Teacher Truancy, 2018 Version

We hear a lot about truancy and its malign effects. For example, here.

Courtesy of the Federales, we now have data on teacher absences that may be similarly damaging to students and that certainly are harder to justify.

The 2018 version of the biennial Civil Rights Data Collection, available since October, 2020, has data on both truancy and teacher absences. Let’s look at the teachers.

The feds count full time teacher absences >10 during the school year. Eleven days are 6.1% of a 180 day school year.

Here are the 2018 counts for the Virginia school divisions.


Richmond is the gold bar at 65%. The red bars, from the left, are the peer jurisdictions Norfolk, Hampton, and Newport News. The blue bar is superimposed on one of the two divisions at the state average, 38%.


Richmond is a bit improved from the 2016 report. That year we were second from worst at 68%; this year, fifth at 65%.

The distribution of division rates looks like this:


The tall, red bar marks the Richmond datum at 65%, 1.9 standard deviations above the mean.

The Richmond school data show only Community, Ginter Park, Greene, Munford, and Alternative below the state average.


Little kids are notorious for being petri dishes for germs so we could expect the elementary schools to run high. In fact, except for that remarkable 9% number at Alternative, Richmond’s elementary schools reach both ends of the Richmond spectrum.


You might think that the very few schools where the teachers mostly come to work must have unusually heathy students and teachers or excellent principals. I’ll vote for the latter. Similarly, the very many schools where most of the teachers miss a lot of school would seem to have remarkably sick people or lousy leadership. There’s no reason to expect a plethora of sick people when some schools clearly don’t have many.

And, for sure, there is a leadership vacuum downtown and at the Board of “Education.”

In contrast, the middle schools run high while the high schools cluster toward the high-middle.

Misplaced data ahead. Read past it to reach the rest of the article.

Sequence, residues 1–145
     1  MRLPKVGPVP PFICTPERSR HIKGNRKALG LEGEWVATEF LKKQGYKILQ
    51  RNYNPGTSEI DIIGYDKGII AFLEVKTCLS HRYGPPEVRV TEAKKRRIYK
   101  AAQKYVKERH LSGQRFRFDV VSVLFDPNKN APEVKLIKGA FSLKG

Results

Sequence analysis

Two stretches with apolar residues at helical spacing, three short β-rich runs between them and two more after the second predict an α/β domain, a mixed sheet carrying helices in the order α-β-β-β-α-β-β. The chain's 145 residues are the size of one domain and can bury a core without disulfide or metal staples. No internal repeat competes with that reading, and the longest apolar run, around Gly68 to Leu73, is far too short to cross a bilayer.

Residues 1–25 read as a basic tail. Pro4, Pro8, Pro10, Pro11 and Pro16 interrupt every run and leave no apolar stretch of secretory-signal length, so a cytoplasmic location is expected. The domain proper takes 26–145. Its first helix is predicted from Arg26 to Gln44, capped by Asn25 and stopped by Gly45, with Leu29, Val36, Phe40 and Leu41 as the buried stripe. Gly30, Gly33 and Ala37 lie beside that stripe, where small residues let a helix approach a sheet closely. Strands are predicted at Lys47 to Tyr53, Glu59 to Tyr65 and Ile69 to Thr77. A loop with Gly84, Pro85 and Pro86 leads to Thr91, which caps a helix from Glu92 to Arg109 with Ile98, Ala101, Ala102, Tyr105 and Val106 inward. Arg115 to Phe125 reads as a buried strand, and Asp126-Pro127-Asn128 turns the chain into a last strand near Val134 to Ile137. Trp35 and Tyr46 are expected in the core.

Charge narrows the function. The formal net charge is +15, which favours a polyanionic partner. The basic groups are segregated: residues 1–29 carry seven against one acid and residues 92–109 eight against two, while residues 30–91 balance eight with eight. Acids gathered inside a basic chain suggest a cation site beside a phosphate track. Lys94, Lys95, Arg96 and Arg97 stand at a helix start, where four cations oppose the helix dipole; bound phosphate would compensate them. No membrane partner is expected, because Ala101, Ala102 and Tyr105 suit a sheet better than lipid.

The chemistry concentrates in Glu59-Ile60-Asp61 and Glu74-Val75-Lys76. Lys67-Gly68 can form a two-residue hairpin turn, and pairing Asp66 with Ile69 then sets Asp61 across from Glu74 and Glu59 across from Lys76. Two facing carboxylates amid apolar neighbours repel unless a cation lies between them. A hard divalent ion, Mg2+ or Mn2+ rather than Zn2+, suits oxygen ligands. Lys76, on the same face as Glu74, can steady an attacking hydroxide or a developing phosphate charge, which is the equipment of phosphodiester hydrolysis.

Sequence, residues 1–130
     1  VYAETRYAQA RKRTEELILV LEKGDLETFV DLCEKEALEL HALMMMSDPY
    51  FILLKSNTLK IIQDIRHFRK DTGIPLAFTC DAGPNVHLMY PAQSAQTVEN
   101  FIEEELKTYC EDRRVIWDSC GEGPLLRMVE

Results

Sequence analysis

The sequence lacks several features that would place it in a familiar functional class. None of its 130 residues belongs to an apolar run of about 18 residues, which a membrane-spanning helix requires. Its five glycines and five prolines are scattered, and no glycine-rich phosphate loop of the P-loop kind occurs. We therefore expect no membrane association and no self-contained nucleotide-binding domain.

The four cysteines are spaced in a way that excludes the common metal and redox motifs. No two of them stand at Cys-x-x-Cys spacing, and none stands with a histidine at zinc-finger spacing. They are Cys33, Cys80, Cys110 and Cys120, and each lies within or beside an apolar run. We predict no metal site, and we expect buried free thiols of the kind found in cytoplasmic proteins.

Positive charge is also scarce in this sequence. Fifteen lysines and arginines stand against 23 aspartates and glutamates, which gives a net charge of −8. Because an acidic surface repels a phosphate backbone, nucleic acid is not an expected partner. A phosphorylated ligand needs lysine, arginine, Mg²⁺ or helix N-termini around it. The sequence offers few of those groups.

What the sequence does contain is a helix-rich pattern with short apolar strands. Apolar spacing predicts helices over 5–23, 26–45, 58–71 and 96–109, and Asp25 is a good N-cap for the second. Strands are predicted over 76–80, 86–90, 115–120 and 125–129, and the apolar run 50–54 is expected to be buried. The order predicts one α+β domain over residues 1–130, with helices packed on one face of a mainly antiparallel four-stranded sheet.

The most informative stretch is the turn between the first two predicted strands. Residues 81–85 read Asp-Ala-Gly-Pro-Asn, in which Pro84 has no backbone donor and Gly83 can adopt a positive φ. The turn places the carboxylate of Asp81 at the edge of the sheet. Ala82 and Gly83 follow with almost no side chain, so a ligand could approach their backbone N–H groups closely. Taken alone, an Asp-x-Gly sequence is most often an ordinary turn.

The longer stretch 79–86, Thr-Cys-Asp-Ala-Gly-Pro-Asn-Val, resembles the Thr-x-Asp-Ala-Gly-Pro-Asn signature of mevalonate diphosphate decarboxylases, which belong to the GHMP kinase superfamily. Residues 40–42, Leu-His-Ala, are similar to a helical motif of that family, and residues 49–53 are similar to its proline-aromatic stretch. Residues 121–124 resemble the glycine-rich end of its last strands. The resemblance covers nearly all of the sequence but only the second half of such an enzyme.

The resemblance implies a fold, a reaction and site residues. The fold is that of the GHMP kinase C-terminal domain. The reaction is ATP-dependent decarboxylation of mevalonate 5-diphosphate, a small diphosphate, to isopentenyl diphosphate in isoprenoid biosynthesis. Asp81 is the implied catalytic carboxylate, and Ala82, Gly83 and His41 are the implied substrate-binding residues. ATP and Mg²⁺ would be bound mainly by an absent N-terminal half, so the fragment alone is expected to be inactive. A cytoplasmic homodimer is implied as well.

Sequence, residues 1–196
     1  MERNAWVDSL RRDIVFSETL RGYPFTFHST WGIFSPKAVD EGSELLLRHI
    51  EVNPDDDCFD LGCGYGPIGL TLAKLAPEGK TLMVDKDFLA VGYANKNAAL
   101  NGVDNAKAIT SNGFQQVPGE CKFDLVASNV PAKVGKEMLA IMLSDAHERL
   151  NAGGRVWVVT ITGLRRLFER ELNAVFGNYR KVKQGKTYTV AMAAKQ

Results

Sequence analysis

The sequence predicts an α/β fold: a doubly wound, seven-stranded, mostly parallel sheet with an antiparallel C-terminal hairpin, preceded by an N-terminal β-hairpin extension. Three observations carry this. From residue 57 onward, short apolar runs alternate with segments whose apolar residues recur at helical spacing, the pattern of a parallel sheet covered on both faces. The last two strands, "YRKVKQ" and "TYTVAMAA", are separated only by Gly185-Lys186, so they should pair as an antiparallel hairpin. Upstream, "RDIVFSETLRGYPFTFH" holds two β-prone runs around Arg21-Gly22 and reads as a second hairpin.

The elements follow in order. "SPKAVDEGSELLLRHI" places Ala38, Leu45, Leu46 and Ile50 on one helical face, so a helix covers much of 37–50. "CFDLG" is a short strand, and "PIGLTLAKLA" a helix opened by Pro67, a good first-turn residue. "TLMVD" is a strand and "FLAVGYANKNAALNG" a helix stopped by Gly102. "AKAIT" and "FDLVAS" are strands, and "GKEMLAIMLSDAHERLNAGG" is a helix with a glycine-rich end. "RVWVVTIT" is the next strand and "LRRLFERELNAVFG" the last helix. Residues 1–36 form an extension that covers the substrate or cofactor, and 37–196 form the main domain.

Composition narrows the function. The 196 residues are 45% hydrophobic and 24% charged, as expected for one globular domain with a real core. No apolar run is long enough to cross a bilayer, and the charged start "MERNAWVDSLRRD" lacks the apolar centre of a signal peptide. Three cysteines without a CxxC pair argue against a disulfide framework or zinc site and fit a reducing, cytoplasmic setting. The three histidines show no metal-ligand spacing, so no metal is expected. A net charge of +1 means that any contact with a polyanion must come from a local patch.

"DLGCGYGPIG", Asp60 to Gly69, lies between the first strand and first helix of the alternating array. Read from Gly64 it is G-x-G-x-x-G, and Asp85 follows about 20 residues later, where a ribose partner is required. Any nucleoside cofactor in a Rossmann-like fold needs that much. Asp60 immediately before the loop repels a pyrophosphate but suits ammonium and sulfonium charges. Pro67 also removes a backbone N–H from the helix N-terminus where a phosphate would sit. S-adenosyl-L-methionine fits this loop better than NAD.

BTW: Maggie Walker is not a Richmond Public School (although the SOL pass rates there are reported at the public high schools in the students’ home school zones) and the numbers there are in a different universe from even the best of the Richmond high schools.


In any case, it is clear that the RPS “leaders” downtown need to be directed to work that is better suited to their talents.

We might expect the SOL performance to decline with increasing teacher truancy. Here are the reading data for the Richmond elementary schools:


Note: Virginia’s economically disadvantaged (here “ED”) students pass the SOLs at rates some 17 to 22 points lower than their more affluent peers (here “Not ED”), depending on the subject. Thus the school and division average pass rates depend both on student performance and the relative numbers of ED and Not ED students. This punishes the schools and divisions with large ED enrollments. We’ll avoid that issue here by looking at the rates for both groups.

For the Richmond elementary schools, the ED reading rate drops by some 2.2% for a 10% increase in the teacher truancy but the R-squared value tells us that the teacher absences only explain about 12% of the SOL variance. As to the Not ED students, any effect is smaller (ca. 0.9% for a 10% increase in teacher absences) and very nearly uncorrelated.

The math data give similar results.


The division data paint a similar picture.



In contrast to the national data, these Virginia numbers do not show a strong relationship between SOL performance and teacher truancy. They do suggest that the absent teachers may not be much more effective at teaching than the substitutes. And, in any case, the data spotlight a massive, and expensive, management failure, both in Richmond and statewide.